It also covered, very effectively I thought, the friction caused by Dudley’s second wife Lettice Knollys and her son from her first marriage, Robert Devereux, the 2nd Earl of Essex (Dudley’s Godson and step-son).

However, what this novel does differently, while bringing in all the various palace intrigues over the entire length of the Queen’s reign, is lay bare the constant stress the Queen had to deal with regarding getting married.

The concern was always about an heir and the succession plus the fact that both her close council members, as well as parliament, just could not accept that, as a woman, she could govern effectively. Over time, of course, she wore them all down and convinced them that, as the “Virgin Queen” she was married to England and her subjects.

In other words, having Weir lay out Elizabeth the 1st entire life as a monarch shows beyond any shadow of doubt, temper tantrums and all, just how brilliant the Queen was.

Of course, the enjoyment in this novel is imagining the answer to the age old question regarding Elizabeth and Dudley — “did they or didn’t they?” Weir covers a possible answer to that question quite creatively which I will leave to the readers to find out.

Anyway, everyone who likes reading fictionalized accounts of the Tudor period will love this book. Plus, it was so well researched, it would be a good read for anyone wanting to learn about the history of the mid to the late 1500s in England, Scotland and France — particularly given the excellent factual “author end notes.”

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My rating for this book is 4 stars out of 5.

Published by Penguin Random House (397 pages) with excellent explanatory notes.

 

Reviewing “Odysseus: The Oath” by Valerio Massimo Manfredi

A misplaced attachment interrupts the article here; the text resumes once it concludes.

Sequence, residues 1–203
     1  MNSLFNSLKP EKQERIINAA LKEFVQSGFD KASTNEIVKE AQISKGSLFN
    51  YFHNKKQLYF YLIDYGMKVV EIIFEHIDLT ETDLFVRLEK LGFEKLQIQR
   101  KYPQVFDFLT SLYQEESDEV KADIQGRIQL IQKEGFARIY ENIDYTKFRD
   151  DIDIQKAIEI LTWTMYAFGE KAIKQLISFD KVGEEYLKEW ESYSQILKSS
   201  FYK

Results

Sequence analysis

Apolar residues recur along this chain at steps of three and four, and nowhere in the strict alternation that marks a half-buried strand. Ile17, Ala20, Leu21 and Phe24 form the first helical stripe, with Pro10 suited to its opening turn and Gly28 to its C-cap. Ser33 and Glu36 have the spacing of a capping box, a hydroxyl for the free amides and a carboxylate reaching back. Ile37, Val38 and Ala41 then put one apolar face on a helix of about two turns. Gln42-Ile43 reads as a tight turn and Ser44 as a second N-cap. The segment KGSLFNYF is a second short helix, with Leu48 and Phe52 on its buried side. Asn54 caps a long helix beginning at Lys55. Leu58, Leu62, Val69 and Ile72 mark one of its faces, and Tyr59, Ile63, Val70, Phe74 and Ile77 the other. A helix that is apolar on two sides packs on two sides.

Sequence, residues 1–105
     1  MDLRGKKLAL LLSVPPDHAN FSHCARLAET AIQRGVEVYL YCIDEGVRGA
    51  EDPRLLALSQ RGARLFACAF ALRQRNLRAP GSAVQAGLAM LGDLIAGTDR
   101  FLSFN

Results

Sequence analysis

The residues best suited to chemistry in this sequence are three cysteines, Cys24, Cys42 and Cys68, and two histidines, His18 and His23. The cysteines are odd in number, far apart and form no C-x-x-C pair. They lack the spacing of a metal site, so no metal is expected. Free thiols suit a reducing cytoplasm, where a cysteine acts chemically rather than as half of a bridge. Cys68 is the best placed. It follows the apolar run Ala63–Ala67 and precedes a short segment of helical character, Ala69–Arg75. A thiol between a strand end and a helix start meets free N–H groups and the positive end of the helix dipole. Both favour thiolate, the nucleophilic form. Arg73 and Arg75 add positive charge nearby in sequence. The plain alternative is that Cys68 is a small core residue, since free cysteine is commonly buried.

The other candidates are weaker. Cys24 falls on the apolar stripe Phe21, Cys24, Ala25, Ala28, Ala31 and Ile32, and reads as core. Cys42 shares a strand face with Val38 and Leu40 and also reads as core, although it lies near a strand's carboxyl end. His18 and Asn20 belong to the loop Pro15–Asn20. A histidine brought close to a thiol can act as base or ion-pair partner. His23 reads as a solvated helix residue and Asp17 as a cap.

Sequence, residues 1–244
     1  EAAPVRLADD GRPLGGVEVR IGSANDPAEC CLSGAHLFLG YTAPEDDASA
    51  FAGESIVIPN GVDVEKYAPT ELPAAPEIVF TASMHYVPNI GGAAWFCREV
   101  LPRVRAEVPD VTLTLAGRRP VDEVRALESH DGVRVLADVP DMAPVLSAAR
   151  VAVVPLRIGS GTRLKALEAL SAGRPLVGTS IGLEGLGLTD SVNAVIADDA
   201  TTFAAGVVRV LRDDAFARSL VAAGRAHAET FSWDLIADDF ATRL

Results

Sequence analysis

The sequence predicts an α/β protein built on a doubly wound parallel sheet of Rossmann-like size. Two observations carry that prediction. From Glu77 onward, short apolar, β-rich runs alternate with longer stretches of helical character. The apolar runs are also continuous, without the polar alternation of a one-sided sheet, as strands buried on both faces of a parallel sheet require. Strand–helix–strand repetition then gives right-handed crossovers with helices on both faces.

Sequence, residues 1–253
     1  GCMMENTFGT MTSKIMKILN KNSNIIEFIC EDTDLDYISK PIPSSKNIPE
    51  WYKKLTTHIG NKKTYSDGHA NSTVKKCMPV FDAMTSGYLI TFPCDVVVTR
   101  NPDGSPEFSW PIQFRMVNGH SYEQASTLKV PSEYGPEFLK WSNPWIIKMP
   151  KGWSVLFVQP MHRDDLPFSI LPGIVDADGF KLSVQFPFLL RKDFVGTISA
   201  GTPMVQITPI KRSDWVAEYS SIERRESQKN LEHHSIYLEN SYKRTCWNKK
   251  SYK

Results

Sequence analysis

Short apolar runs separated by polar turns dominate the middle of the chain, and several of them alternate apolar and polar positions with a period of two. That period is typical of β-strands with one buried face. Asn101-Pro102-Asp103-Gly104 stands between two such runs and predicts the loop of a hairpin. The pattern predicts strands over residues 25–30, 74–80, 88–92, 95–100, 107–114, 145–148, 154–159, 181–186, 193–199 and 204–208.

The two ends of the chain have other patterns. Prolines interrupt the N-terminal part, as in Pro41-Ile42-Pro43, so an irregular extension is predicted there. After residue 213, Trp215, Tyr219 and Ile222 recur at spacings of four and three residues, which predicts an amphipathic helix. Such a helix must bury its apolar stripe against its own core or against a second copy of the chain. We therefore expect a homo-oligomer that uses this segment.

Click for Google page.

Click for Google page.

The book “Odysseus: The Oath” is the first of two volumes. Written initially in Italian by archeologist and scholar Valerio Massimo Manfredi, it has now been translated into English by Christine Feddersen-Manfredi, the author’s spouse.

The second book, “The Return” is apparently available now in Italian according to the author’s site.

As Manfredi writes in his end notes, this book and the one to follow, are “inspired by the Trojan Epic Cycle and tell the story of Odysseus, son of Laertes, King of Ithaca, from his birth to his last journey.”

So, this book is wonderful for someone like myself, who studied classical history, myths, drama, art and architecture during my undergraduate years. I could almost see, in my mind’s eye, ancient Ithaca, the blue sea, the rocky hills, the ships and the men leaving to go to war.

While there are aspects of reading this book that can become studious, such as when you have to read about the lineage of certain kings, or the many pages related to the massacre of Hercules’ family, the introduction of Odysseus is realistic and special, starting out with the sea voyage to see his mother’s father and grandfather — the man who named him — as a teenager.

I also liked the way the author brings to life Odysseus’ relationship with Penelope, their immediate personal connection, as well as their secret times together, which produced their son Telemachus.

In my opinion, the story of Odysseus is important for us all. No matter what culture we live in, there are versions of its truth that as long as we have had oral, dramatic or written traditions, people have believed in heroes and the journeys to achieving our goals, a human paradigm as it were, something Joseph Campbell recognized when he wrote about the Journey of the Hero in all our lives.

As well, an example of how capable Manfredi is in helping his readers “see,” towards the end of the story he writes: “There was no strip of land that had not been slashed or wounded, not a single building in glorious Troy that stood where it once had….Of the twelve ships I had set off with, only seven returned with me now.

In my opinion, then, what this book does, even if sometimes more detailed than an average reader would want, is weave the magic of myth and ancient history together into a story that we can relate to — something few modern classical novelists can do.

Another author I can think of, however, that can bring ancient history to life, is Steven Saylor and his Gordianus the Finder Roma Sub-Rosa mystery series.

Did I read every word of this book? No, I have to admit I did not. For the most part, I skimmed over sections that were involved with war and brutality. That said, I recommend this book to anyone who likes novels that take us back in time and place to a world that may or may not have existed.

My rating for this book is 4 stars out of 5.

Published in 2012 and translated in 2013 by MacMillan (358 pages). Page separator